The Domino Effect in Fiction

A domino is a rectangular piece of wood, clay, or plastic with one or more squares that are marked with an arrangement of dots. Each domino has an identity-bearing side and a blank or identically patterned opposite side. The domino’s identifying marks, also called pips, range from six to zero indicating the number of spots on its face. The number of pips indicates the rank or weight of the piece.

Dominoes have many different uses, but they are most commonly used for positional games. In a positional game, each player takes turns placing a domino edge to edge against another in such a way that the adjacent sides match or form some specified total. Some examples of these are tic-tac-toe, nines, and domino stud. In the case of tic-tac-toe, for example, each player places a tile so that it touches one end of an existing chain and is left with nothing on its open end. This is said to “stitched up” the ends of the chain.

Whether you compose your novel off the cuff or with a careful outline, plotting your story comes down to answering one simple question: What happens next? Using the domino effect in your fiction can help you answer this question and draw readers into your story.

The word domino derives from the Latin dominum, meaning ‘a lead or a beginning.’ It was likely first recorded in the mid-18th century in Italy and France, where it may have been introduced by French prisoners toward the end of that period. Earlier, the term had been used to describe a long hooded cloak worn together with a mask during carnival season or at a masquerade. It is possible that the name was derived from the color of ebony black domino pieces contrasting with the priest’s white surplice, and later became a synonym for a cape worn by the wearer at a carnival or masquerade.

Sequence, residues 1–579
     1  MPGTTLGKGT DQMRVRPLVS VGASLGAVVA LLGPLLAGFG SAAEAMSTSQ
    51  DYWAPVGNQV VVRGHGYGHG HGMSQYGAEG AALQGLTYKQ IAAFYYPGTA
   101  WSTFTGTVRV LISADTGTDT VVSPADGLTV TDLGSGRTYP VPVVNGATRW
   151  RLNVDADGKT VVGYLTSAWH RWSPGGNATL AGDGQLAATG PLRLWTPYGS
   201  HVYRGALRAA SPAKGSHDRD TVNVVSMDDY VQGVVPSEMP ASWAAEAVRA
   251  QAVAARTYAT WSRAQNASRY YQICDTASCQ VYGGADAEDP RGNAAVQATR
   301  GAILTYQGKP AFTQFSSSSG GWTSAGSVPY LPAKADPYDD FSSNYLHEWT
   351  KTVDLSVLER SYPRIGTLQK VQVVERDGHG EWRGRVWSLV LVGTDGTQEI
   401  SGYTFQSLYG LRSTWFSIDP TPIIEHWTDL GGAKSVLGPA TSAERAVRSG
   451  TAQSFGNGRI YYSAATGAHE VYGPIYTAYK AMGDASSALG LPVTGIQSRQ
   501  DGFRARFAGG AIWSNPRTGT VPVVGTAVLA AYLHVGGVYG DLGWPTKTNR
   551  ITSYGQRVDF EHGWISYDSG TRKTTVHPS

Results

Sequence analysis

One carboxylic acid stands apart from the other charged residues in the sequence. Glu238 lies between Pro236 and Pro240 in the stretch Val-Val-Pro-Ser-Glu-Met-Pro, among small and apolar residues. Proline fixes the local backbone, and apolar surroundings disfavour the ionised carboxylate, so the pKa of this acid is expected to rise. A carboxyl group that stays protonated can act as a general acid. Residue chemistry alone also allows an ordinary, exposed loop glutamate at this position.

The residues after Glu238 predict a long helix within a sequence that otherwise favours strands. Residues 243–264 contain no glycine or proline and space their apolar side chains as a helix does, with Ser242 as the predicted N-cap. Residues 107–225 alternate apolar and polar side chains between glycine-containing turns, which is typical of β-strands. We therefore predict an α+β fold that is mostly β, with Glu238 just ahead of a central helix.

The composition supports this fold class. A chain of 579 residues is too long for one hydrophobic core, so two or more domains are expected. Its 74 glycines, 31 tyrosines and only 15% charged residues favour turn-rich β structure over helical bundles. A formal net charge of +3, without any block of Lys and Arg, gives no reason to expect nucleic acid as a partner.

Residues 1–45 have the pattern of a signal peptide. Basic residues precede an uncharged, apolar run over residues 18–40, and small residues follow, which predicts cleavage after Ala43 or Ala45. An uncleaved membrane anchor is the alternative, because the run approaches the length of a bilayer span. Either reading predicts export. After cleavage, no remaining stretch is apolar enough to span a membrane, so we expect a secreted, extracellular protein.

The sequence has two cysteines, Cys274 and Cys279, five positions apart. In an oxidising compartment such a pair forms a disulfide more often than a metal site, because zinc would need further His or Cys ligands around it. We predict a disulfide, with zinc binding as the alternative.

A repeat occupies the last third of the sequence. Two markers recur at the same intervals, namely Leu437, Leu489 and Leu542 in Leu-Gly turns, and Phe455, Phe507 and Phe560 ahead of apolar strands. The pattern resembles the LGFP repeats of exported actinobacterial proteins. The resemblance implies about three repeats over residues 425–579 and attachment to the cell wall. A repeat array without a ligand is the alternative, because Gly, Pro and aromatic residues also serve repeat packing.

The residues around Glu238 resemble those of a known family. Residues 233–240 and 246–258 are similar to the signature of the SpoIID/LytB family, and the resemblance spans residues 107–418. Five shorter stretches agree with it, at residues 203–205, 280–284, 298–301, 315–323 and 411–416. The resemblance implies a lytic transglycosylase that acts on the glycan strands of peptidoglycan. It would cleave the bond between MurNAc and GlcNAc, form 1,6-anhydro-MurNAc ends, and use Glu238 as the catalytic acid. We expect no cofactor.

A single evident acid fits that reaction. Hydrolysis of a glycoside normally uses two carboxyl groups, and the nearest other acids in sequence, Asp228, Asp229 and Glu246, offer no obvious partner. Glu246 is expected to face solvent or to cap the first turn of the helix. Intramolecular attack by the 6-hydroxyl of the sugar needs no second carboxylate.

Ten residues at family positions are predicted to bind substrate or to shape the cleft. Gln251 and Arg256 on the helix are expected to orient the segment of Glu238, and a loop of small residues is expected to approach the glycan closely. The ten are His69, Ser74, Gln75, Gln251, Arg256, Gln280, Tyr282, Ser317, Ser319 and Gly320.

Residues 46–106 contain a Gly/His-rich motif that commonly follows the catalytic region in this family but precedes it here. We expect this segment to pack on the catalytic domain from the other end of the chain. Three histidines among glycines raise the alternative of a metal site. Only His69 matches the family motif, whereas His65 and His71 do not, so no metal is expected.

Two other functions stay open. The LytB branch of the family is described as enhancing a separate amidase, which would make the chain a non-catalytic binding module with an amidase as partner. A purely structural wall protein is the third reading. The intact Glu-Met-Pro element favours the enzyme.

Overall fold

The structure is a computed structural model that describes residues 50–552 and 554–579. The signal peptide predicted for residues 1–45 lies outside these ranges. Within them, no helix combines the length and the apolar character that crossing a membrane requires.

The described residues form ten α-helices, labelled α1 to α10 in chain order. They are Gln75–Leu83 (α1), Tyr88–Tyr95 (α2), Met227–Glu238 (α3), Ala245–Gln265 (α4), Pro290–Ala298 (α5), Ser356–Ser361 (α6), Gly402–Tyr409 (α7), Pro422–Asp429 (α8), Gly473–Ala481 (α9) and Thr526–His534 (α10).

After a domino is shuffled and the players have drawn their tiles, the person with the highest double makes the first play. If there is a tie, it is broken by drawing additional tiles from the stock until a player has a high enough double to play. Rules for some games may also specify that a player who draws the heaviest tile must make the first play.

When a domino is played, its open end becomes part of the line of play and must be covered before the next player plays a tile. If a player plays a tile out of turn, he must immediately take back his turn. If he does not do so, the next player must place a tile on his double to continue the line of play.

There are a large number of domino games, but most of them fit into one of four categories: bidding games, blocking games, scoring games, and round games. A winning player in a game scores by counting the pips on the dominoes in the losing players’ hands at the end of the hand or game.